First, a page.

Stylish Films: Witness For The Prosecution (1957)

Christmas is always a time to rediscover Agatha Christie, and this festive season, a whole range of film adaptations were shown, including the one that Agatha loved best of all, the 1957 adaptation of an original short story, ‘Witness for the Prosecution’. This was a brilliant adaptation, with a very starry cast, and Agatha absolutely loved it, which was certainly not always the case for film adaptations of her books (she hated the Margaret Rutherford Miss Marple’s for instance.) Witness for the Prosecution has been adapted many times since this film, most recently as a stage play that has wowed audiences in London, but, for me, this version is certainly the best.

The beauty of Witness of the Prosecution is in the truly incredible cast. Hollywood legend Tyrone Power gave one of his best performances as the suspected killer Leonard Vole, on trial for the murder of a lonely lady he had befriended, who had been murdered after she had named him as the chief beneficiary of her will. Power was notoriously handsome and charming, and his matinee idol image worked so well for this role. He was ably supported by another legend as his German wife Christine. Marlene Dietrich was not always granted the greatest of roles, she often seemed bigger than any role, but as the ice cold Christine she is perfect, stunning and elegant as the wife who seemingly betrays a loving husband. Many believe she should’ve won an Oscar for this, her true crowning role, and I think it is hard not to agree.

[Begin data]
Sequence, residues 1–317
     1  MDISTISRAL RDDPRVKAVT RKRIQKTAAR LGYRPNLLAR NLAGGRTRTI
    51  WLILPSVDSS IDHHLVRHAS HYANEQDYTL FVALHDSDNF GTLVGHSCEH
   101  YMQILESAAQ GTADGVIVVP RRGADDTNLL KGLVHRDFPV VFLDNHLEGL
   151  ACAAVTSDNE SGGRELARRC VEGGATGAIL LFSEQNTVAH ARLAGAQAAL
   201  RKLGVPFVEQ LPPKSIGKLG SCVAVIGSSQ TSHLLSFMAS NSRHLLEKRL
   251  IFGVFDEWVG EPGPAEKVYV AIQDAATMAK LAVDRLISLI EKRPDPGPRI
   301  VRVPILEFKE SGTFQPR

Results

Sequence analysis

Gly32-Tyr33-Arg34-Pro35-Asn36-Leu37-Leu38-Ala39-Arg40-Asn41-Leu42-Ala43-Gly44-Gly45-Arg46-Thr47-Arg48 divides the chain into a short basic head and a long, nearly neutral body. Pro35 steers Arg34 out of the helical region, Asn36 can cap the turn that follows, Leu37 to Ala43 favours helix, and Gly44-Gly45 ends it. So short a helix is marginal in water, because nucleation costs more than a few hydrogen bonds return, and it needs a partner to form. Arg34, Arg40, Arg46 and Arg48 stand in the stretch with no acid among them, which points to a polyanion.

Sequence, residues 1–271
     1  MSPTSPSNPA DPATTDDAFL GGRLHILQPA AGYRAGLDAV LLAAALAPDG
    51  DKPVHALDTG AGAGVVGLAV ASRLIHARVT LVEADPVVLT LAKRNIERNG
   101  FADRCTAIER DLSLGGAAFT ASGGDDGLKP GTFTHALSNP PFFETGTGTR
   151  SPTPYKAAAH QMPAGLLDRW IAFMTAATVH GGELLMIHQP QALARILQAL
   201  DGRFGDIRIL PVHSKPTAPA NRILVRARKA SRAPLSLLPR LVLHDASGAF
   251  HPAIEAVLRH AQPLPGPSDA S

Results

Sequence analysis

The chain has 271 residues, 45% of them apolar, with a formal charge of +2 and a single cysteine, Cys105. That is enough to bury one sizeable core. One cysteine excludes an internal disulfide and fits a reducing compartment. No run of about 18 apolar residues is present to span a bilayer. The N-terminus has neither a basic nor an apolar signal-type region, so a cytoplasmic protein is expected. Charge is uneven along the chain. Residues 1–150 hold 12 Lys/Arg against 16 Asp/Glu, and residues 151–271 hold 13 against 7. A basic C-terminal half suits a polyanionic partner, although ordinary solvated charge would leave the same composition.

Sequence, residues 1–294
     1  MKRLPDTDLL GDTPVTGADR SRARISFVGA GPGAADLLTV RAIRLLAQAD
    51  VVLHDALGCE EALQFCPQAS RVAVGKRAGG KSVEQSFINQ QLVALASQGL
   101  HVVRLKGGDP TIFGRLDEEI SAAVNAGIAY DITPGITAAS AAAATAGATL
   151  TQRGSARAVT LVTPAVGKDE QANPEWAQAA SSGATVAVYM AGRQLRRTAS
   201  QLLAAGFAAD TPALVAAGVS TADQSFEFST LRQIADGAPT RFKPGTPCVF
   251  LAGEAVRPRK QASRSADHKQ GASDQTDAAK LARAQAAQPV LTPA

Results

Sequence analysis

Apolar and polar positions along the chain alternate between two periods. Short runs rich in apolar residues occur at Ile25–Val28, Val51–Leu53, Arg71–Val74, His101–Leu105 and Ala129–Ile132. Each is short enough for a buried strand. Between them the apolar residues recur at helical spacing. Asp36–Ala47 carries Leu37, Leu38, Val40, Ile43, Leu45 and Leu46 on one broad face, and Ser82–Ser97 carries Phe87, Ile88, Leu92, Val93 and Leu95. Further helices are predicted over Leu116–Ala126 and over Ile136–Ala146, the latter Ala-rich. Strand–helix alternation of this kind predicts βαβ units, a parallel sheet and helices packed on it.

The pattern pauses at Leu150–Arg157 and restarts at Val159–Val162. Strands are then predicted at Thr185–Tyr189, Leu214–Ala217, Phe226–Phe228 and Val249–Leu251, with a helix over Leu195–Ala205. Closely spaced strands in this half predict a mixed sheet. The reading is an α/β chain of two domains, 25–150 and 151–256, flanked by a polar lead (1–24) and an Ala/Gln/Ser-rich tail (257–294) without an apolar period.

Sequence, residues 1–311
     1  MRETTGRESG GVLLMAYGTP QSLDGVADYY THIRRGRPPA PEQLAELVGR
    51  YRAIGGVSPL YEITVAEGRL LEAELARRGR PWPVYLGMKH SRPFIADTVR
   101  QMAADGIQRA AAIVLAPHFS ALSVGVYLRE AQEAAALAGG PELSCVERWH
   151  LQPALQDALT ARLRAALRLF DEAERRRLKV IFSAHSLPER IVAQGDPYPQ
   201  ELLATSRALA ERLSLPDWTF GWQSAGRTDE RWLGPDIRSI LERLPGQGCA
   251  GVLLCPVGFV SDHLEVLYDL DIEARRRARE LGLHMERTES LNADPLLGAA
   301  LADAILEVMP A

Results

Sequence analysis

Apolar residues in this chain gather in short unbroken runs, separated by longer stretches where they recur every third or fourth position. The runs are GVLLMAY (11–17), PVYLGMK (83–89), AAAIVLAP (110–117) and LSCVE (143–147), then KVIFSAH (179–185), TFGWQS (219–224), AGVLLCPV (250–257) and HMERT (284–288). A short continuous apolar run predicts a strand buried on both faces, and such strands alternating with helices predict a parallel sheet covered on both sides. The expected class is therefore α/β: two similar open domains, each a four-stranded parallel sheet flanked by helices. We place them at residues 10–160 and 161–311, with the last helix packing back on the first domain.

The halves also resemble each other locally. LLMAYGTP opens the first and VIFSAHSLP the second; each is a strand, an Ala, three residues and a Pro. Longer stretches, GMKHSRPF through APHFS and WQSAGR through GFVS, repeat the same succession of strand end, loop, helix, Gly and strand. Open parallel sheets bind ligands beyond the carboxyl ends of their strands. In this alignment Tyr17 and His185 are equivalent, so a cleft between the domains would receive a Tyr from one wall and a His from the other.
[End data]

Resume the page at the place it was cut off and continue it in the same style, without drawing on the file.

What I love about Witness for the Prosecution is that it remembers how much Agatha appreciated humour, and, at times, despite the viciousness of the story, it is funny. This is in no small part due to the brilliance of the towering Charles Laughton as defence barrister Sir Wilfred Roberts, not in the best of health, and constantly irritated by his fussy nurse Miss Plimsoll, played so brilliantly by his real life wife Elsa Lanchester. Their interplay is constantly delightful and raises a rye smile, adding balance to what was, when later filmed with Toby Jones in the Sir Wilfred role, a much darker, gloomier role.

Witness for the Prosecution is a sheer delight, with twists and turns galore, and a real sting in the tale. It never gets old on any viewing, the performances continue to delight. No wonder Agatha was so pleased with it.

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